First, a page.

Kids Who Cannot Transition from Playing Fortnite

boy playing fortnite

A common theme that parents have expressed to me about their kids playing Fortnite and other similar games is how they struggle to stop playing the game and transition to other activities. These kids often become so involved in the game play that they seem lost in their own world. Stopping play, particularly in a game such as Fortnite, which fosters a high intensity involvement, is extremely difficult for some kids. Kids who cannot transition from playing Fortnite may refuse to get off,  continually ask for more time to play, or repeatedly dwell about the game after they have shut if off.

If you have a child diagnosed with ADHD, Autism, Learning Disabilities, Executive Functioning problems, Anxiety, or Depression, transitions may be extremely difficult.

Rather than being upset with your child for his difficulty in transitioning from playing Fortnite to other activities, it may be useful to look at how games such as Fortnite keep kids engaged. Factors such as the variable reinforcement schedule, extreme level of excitement and intensity, and popularity of the game among peers have made Fortnite one of the most difficult games to transition from for children. As a result, parents have a challenge on their hands and could benefit from these very specific strategies for kids who cannot transition from playing Fortnite:

  1. Discuss transitioning before engaging in game play. Ask your child to tell you what will make it difficult to transition and what you and he could do about it before he begins to play.
  2. Reward and praise good transitions. Should your child stop game play readily and move on effectively to something else, consider giving him an extra 15 or 30 minutes of game play the next time he gets on.
  3. Create some type of visual task or reminder for transitions. This could include having a timer on a desk, a piece of paper that has the time to stop, or the use of an electronic device such as Alexa that could give him warning when the time limit is up.
  4. Find a transition activity that involves movement or reward. Transitions will be easier if you get your child up from the game and immediately engaged in an activity such as going for a bike ride, helping with chores around the house, or sitting down for a favorite dinner.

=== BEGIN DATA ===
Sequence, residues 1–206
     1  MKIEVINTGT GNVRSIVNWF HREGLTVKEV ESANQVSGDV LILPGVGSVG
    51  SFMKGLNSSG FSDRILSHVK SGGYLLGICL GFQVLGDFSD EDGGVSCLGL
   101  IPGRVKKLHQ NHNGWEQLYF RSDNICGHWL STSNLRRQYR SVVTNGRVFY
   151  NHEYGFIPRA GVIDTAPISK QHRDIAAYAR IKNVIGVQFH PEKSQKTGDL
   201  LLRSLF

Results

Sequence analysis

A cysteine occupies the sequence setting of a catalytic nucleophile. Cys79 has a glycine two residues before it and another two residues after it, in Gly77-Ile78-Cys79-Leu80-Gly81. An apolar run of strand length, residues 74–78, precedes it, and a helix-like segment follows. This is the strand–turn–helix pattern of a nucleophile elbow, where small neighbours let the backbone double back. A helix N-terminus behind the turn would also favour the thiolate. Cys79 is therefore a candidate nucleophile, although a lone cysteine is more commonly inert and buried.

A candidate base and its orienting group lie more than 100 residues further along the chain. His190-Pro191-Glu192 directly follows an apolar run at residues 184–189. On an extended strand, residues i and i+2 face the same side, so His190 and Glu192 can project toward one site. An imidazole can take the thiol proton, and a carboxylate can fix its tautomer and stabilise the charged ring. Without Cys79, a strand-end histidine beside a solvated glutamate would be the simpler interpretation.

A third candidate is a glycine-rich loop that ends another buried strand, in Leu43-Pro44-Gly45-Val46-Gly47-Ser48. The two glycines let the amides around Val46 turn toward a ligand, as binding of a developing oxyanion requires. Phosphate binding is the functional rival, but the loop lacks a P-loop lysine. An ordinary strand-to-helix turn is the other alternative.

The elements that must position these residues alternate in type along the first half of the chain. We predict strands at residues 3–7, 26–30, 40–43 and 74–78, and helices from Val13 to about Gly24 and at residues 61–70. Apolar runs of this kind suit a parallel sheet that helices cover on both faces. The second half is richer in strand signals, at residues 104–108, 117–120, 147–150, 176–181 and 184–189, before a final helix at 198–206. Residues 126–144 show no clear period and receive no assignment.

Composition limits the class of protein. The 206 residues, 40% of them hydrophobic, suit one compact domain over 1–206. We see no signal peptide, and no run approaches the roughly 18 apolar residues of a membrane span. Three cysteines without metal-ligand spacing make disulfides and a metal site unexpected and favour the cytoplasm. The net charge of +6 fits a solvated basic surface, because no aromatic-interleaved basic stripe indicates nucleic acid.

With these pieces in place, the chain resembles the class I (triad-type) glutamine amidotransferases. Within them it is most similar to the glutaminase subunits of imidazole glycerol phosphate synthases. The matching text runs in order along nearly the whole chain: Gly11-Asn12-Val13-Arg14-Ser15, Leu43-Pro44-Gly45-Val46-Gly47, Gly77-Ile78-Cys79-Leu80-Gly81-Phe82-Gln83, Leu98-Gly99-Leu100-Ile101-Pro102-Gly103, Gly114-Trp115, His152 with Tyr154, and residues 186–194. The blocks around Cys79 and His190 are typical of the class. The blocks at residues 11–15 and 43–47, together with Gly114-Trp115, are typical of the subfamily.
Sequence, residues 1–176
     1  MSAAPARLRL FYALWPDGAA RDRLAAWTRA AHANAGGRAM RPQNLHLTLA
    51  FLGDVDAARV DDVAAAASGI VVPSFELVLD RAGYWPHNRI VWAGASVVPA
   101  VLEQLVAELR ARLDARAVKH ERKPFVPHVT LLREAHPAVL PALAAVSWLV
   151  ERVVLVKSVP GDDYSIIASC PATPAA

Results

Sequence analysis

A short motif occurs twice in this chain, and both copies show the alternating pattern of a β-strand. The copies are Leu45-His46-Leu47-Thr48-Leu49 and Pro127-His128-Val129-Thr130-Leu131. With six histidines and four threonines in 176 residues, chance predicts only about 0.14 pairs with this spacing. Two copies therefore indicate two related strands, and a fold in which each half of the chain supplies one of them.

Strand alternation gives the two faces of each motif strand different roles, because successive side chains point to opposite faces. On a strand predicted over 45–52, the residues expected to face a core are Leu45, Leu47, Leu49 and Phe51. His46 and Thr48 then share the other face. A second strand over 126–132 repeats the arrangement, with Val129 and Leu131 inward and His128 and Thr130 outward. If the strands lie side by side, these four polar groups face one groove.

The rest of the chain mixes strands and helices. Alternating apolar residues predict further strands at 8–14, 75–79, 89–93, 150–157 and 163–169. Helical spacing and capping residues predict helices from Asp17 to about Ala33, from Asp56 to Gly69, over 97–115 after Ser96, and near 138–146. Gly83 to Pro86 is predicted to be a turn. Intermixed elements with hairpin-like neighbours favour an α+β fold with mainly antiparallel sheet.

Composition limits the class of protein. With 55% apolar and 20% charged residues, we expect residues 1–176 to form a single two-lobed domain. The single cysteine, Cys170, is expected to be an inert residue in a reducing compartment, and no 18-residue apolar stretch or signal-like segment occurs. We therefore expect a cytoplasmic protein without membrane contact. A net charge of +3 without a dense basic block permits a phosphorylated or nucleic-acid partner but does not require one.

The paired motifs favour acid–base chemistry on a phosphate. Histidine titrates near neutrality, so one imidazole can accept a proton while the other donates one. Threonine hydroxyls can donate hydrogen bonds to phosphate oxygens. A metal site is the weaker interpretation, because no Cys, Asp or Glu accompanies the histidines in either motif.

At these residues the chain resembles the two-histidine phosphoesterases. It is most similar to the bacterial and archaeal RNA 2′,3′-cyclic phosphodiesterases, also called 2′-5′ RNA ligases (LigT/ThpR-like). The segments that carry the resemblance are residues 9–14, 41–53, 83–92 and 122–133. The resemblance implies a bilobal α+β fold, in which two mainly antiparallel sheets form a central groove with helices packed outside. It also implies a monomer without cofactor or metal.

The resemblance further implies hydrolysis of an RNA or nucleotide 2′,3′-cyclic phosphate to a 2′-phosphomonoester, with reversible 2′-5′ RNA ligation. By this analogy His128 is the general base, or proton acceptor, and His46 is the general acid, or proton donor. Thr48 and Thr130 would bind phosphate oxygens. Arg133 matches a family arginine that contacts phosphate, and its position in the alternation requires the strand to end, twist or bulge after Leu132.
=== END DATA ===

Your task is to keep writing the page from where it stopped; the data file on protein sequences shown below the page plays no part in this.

5. Have a snack ready or another privilege available right after transitioning. Consider having a regular activity to which the child transitions from video-game play.
  6. Make effective transitions a competition. Chart daily transitions for the amount of time needed and level of cooperation on a 1-10 scale. Create a set of goals that the child can achieve for cooperation and select rewards to reinforce appropriate behavior.
  7. Consider transitions that move to another screen-time activity that is educational. To the degree that the educational content is interesting and engaging, your child may be content to do so.
  8. Be consistent in that there will is a loss of privilege for poor transitions. The punishment or loss of privileges need not be extreme and might be best if it involves loss of screen time.

 

This article is one of a series of posts about Fortnite. In the past month I’ve been approached by many new services, including Fox News.com, WBZ radio, and Bloomberg News, to provide an expert opinion about the pros and cons of children playing Fortnite. My basic message has been that Fortnite is inappropriate for children under the age of 13, as it is built in a way that can encourage overuse or, in rare cases, even addiction to the game. However, it can also provide opportunities for developing skills such as planning, organization, flexibility, problem-solving, and collaboration. At the same time, I have a sense of discomfort with the storyline of Fortnite, where the objective of the popular Battle Royale game is to kill everyone so that only you survive.  This one-for-all motive in the game promotes a selfishness and lack of empathy for others that permeates our societal and political environment.

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